Smaller Homes, Outdoors Spaces: Hot Stuff in 2007
Smaller homes and the abundant use of outdoor rooms are among the hot design trends for 2007, according to architects and interior designers who judged the latest Best in American Living Awards (BALA).
Other hot trends, as seen in the BALA entries and outlined during a panel discussion at the recent International Builders’ Show in Orlando, include:
- The re-emergence of contemporary design, particularly in interior furnishings and design, but also in exterior design
- Vertical living where land is scare
- Green building and sustainable development
- Urban revitalization and redevelopment
- Specialty spaces and features, including rotundas and stair towers
Participating panelists Victor Mirontschuck, of EDI Architecture, a global architecture, interior design and planning firm; Kathy Browning, of Design Consultants, a model home merchandising and interior design company in Virginia Beach, Va.; and Barry Glantz, of Glantz and Associates Architecture, a full service residential architectural and consulting firm based in St. Louis, discussed the “hot” design trends they see coming to the fore in 2007 during a recent press conference at the builders’ show.
All three panelists defined “hot trends” as those trends that were prominently featured in an abundance of the entries in this year’s BALA competition.
Smaller Homes, Higher Level of Finishes
“Small doesn’t mean less appealing,” said Browning, while noting that the smaller homes entered in BALA featured high levels of quality and finish.
The smaller homes entered in BALA were as small as 1,500 square feet. A few of the smaller homes had as much as 3,500 or more square feet of living space, but were considered small because they “had a small feel to them,” Glantz said.
“There was a higher level of finishes in smaller homes in this year’s entries,” added Glantz. The homes featured interior items such as wrought iron, built-ins and furniture-grade cabinetry. “They were all cozy, warm and very, very livable."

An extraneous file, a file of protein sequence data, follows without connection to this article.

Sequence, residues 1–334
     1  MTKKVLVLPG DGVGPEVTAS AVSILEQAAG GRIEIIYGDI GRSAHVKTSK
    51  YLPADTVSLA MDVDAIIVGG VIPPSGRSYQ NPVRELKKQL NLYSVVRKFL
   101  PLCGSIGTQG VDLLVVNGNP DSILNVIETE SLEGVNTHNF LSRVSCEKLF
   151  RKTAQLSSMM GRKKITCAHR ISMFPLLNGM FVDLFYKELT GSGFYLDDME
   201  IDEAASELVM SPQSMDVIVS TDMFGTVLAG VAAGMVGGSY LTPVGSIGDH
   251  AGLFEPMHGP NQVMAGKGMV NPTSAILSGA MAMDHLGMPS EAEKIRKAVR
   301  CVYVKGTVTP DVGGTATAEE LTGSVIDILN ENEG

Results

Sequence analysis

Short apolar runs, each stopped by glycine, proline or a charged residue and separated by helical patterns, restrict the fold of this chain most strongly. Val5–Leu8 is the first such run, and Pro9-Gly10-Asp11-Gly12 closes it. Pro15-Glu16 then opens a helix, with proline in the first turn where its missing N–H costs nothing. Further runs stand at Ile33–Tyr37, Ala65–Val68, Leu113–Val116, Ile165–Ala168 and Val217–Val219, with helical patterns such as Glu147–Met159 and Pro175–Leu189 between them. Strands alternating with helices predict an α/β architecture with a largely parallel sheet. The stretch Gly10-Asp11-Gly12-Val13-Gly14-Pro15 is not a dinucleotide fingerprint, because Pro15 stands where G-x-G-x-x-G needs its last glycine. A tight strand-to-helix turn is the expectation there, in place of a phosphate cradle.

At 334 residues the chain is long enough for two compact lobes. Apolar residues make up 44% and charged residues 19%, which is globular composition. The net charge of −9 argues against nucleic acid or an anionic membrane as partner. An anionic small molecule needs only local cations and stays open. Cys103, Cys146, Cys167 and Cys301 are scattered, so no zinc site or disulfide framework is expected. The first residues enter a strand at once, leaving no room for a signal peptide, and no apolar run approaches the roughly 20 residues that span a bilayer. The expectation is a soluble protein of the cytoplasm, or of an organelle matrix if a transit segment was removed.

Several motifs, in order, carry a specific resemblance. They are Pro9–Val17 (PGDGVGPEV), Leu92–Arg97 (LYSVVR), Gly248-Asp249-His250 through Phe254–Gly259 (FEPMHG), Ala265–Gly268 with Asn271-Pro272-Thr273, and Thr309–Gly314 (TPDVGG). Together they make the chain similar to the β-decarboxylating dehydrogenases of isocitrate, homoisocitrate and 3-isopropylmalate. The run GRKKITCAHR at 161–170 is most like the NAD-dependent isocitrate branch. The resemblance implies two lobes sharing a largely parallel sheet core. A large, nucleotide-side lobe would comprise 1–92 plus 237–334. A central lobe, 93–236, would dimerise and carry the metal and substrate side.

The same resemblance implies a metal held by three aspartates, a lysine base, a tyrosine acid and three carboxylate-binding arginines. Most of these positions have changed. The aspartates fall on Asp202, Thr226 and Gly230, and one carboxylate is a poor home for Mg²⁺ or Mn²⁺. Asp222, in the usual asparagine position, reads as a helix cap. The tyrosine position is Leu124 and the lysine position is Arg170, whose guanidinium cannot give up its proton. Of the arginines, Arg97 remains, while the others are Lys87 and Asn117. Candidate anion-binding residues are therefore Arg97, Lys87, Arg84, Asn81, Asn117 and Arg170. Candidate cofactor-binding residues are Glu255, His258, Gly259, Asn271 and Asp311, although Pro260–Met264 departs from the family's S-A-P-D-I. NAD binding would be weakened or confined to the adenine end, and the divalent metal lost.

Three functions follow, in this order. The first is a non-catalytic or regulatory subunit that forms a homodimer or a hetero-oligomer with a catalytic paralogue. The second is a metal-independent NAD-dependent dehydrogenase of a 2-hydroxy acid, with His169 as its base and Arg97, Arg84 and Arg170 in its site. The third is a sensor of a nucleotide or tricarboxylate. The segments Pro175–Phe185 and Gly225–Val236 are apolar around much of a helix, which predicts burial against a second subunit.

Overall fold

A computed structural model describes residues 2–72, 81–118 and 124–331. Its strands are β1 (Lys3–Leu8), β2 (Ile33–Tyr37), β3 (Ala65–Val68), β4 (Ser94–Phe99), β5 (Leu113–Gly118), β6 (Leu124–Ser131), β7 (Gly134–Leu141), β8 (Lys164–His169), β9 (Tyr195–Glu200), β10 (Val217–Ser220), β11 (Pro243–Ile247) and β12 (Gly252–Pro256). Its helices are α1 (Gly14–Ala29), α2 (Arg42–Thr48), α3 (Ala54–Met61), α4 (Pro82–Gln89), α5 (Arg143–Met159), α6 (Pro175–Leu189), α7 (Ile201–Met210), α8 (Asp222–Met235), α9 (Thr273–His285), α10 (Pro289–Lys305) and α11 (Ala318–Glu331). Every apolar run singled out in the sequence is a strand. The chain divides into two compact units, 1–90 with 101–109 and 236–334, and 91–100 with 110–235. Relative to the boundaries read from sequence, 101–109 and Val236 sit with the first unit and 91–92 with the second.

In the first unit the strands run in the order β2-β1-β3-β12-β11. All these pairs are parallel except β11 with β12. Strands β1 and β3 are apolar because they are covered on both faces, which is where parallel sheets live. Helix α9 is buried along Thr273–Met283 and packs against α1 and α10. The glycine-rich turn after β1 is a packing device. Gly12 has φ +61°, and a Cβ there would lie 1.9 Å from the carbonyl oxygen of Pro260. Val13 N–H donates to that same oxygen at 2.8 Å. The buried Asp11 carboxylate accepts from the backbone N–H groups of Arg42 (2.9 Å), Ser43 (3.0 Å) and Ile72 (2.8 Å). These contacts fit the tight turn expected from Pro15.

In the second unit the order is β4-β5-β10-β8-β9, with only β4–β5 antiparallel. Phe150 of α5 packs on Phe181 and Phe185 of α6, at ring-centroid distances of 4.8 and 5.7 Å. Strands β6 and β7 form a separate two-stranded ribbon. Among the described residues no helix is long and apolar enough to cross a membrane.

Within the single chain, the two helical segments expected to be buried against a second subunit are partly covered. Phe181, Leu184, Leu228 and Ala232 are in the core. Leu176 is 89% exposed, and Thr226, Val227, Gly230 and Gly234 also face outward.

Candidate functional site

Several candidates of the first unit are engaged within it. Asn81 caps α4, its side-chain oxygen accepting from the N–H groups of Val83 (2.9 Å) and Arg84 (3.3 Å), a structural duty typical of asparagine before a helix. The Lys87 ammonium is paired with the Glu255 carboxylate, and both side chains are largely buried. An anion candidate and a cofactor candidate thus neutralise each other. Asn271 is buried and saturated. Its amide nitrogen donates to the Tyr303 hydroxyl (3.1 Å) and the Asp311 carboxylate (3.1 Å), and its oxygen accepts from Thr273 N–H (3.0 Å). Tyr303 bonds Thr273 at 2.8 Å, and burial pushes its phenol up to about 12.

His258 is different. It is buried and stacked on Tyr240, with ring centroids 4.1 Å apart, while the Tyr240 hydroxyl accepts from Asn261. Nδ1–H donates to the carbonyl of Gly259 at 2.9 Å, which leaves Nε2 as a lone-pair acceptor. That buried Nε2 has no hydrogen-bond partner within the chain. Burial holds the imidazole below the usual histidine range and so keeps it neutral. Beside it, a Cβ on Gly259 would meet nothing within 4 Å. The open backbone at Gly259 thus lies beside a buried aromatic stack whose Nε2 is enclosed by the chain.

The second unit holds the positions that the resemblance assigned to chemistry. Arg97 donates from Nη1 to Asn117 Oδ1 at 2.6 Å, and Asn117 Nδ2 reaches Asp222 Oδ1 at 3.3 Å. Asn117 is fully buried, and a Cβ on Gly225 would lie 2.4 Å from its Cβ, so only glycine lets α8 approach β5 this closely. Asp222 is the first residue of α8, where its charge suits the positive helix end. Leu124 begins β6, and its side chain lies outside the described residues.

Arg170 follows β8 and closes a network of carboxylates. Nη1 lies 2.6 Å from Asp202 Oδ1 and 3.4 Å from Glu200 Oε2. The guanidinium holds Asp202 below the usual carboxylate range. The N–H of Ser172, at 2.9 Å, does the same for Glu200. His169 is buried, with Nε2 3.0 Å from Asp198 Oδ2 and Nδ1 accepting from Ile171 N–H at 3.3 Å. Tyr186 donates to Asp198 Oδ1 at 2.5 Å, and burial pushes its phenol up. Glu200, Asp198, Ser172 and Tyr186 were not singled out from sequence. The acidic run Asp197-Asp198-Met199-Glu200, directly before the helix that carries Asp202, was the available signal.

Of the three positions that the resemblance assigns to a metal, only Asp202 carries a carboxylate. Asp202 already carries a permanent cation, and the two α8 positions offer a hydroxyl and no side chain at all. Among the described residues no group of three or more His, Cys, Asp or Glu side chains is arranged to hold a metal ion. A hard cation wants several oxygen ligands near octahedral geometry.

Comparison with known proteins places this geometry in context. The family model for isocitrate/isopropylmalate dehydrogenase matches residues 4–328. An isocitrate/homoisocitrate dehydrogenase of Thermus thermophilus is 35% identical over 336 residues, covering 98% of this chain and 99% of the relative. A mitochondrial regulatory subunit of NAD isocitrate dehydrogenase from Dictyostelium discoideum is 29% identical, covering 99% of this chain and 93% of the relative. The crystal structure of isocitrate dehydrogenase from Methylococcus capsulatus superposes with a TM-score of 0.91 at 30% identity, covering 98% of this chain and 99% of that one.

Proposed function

Smaller homes are gaining appeal because of higher energy costs, Mirontschuck said.
Another reason, Browning added, is because more people are downsizing their lives and “shedding stuff.”
Outdoor Spaces Have Year-Round Appeal
Browning said the use of outdoor rooms and spaces is no longer popular in just warm climates. She said they are being created in homes in more moderate climates for three-season use, and even in some colder climates.
Contemporary Makes Initial Inroads Inside Homes
All three panelists said that contemporary design was primarily appearing in interior design trends, rather than exterior designs.
Contemporary design was also making its way into homes through retail outlets like Target and home furnishing stores, Browning added. “Contemporary design is coming into homes little by little,” she said. “It can be found in second homes” where many people are simplifying their lifestyles. “It’s not all across the country. It’s almost like a lifestyle change.”
Glantz said the contemporary push in design is not universal. It is primarily popular among the younger market segment of young singles and couples and young executives.
“More interiors are featuring playful geometry, the strong ― bold ― use of color,” said EDI’s Mirontschuck. Contemporary design can also be found in the variety of materials used, such as concrete floors that are stained or polished, and exposed ductwork, he added. “The kitchen seems to be the pivot point for contemporary design.”
“Contemporary lines today are very simple,” said Browning. “They are clean lines, less bothersome. There is less of the Old World,” she added. “There is more of the modern feel from the 1970s, but not the hard feel from the ‘70s.”